Typographic Issues with Brand Signatures

A. Michael Shumate

A. Michael Shumate

For our purposes, we’ve defined a signature as the company name written in a particular font, with minimal or no design adjustments. As was stated before, this is the least value-added design and has been used historically mostly for identities of consumer products. Signatures are not as suitable for other kinds of identities.

Interestingly, in recent years some companies, even in the consumer product arena, have redesigned their identities to be more than just a signature, or to add a logo to their existing signatures. Apparently they have found that a signature wasn’t enough by itself. Beyond that, many consumer brands are using custom hand-rendered wordmarks (like the Barbie signature shown here) instead of merely employing a particular font.

Having said all of that, it is still the normal practice to have a signature accompany a logo or a monogram. In that case, the signature follows our original definition: the company’s functional name printed in a particular font. So even if a signature alone will not suffice, it is still part of an identity except for wordmarks (and even most of those start out as signatures before the integration of unique design elements).

These companies used to have plain typographic signatures but have redesigned them by adding another graphic element or adding a proper logo. Mazda had its wordmark in 1975 and added its current logo in 1995. BASF added its logo in 2004. Olympus has had its signature since 1970 and added its elongated diamond in 2000. Knorr has had ist signature since 1938 and added its current containment shape in 2019. Barbie had a more typographic signature but opted in 2009 to go back to its more hand-drawn identity.

Trendy vs. Timeless
Many designers will want to use a distinctive font in a signature. It’s natural that we don’t want our signature to look like so many others. But that’s not what we see in the best identities. Why? Because you don’t want your signature type to look passé in a few years. So if you use the latest “in” font, chances are it will look tired before long. Many companies have learned this the hard way. We should learn it the easy way, by benefiting from their experience.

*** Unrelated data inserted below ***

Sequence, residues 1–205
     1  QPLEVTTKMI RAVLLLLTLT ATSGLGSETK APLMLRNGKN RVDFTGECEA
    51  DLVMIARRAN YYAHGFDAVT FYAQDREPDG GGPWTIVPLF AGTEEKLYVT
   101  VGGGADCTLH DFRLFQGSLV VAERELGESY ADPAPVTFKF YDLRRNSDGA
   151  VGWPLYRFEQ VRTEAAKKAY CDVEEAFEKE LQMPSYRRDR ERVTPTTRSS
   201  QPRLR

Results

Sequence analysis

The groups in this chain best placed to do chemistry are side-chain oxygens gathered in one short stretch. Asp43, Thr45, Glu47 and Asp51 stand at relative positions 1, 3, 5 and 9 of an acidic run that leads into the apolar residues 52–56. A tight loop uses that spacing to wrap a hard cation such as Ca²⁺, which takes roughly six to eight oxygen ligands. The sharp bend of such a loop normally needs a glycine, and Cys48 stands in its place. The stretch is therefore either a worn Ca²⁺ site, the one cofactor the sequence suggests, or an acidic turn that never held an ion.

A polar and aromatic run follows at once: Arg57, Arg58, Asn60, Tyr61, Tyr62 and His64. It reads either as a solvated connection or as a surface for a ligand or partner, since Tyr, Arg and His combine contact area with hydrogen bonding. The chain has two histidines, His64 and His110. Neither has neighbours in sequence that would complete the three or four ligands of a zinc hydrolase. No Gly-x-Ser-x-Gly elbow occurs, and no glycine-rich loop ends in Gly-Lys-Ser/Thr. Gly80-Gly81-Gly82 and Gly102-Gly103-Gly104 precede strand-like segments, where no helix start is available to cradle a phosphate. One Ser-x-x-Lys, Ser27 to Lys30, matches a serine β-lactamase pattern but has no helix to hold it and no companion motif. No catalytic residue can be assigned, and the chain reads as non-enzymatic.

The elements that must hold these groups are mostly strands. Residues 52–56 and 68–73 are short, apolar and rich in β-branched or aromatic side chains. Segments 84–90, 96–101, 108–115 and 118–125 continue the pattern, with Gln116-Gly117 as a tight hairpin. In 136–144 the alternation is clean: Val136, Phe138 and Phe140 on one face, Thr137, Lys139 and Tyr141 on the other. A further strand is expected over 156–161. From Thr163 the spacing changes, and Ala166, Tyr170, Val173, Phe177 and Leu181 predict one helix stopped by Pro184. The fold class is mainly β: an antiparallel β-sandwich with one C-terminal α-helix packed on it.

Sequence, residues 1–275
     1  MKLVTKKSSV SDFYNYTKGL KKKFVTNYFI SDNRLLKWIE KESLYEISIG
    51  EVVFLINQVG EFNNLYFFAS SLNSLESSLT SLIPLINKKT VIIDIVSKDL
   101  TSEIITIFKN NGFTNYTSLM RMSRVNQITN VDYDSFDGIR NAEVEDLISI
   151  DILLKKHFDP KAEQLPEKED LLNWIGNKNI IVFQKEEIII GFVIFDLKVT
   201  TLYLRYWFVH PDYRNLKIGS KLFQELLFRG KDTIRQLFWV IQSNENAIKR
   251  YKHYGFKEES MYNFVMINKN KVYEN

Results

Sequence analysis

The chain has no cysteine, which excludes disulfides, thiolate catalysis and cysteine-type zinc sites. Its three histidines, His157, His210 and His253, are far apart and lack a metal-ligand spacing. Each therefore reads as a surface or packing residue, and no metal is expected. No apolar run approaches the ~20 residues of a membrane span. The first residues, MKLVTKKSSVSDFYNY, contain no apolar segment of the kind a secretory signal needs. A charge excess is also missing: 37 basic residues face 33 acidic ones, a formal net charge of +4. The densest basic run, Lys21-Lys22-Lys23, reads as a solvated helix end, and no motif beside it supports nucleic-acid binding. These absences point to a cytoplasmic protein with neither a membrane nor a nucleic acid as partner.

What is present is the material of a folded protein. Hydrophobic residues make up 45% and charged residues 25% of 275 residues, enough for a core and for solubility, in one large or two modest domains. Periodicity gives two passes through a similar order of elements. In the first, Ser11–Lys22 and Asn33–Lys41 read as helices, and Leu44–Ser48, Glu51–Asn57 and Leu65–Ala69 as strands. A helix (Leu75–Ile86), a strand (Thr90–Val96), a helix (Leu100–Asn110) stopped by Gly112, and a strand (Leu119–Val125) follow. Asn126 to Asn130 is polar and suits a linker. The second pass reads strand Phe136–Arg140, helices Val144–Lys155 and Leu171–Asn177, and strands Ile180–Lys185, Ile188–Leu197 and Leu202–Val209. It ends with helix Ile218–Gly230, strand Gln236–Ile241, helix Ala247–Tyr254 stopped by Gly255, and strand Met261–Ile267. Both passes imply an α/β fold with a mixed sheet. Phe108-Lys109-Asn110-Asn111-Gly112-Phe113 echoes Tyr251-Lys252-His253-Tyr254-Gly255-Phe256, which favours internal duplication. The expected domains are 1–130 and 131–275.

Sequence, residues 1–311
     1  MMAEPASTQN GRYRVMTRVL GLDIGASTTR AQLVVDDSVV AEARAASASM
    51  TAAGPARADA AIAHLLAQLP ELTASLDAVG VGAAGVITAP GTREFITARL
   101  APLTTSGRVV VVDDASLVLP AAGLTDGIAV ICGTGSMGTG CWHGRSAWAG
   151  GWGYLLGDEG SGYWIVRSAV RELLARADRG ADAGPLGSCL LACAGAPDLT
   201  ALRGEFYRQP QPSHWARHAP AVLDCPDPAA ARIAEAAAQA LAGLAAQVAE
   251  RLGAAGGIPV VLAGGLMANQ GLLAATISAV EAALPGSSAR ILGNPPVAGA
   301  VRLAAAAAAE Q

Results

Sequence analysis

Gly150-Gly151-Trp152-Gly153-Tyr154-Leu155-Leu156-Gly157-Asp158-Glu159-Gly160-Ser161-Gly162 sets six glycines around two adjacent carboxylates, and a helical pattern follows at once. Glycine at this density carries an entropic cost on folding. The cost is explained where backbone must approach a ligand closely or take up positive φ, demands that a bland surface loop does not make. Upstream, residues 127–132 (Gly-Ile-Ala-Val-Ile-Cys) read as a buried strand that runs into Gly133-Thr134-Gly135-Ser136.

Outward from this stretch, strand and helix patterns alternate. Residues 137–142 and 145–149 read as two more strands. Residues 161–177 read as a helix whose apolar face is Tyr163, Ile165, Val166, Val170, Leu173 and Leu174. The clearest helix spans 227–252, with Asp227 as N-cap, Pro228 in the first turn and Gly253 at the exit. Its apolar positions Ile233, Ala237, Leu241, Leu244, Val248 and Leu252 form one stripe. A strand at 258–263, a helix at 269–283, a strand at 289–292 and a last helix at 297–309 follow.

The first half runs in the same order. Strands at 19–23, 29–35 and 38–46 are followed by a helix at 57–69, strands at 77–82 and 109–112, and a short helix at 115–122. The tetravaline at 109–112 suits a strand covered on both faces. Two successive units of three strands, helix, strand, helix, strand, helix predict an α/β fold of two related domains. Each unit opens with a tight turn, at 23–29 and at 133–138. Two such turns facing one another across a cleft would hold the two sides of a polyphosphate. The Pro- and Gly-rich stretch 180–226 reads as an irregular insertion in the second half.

Remember, the more personality a font has, the more likely it is to become dated and look tired. Many companies that used the more idiosyncratic fonts have had to redesign their identities to look contemporary. Unfortunately, looking contemporary is what led them to that problem in the first place. What is needed instead is a look that is timeless.

Ask yourself, “Will this font stand the test of time?” That is what a good signature should do.

Each of these signatures has been redesigned to use type that will look less dated in a few years. Not all of them have succeeded.

Legibility Above All
Some designers think it’s leading edge to be ultra-modern or even cryptic with their signature designs. But it is just bleeding edge, not leading edge—rather like gluing thumbtacks point-up on a saddle, thinking they will keep the rider from falling off. For the public, the effort to decipher these signatures becomes painful and may not be worth the bother.

The absolute first requirement of a signature font is clarity. One might conceive of a seesaw with clarity on one end and personality on the other. If personality goes up, clarity most often goes down. Scripts, for instance, are among the most difficult font groups to read instantly. There is a reason we see so few “fancy” fonts used in identity design. Typically, the fancier the font, the lower the readability.

Another reason to opt for type with less personality is that you don’t want the signature vying with the logo or monogram for attention. The logo should attract and engage the eye, while the signature identifies whose logo it is. If the signature has too much personality, there will be a tug-of-war for the viewer’s attention.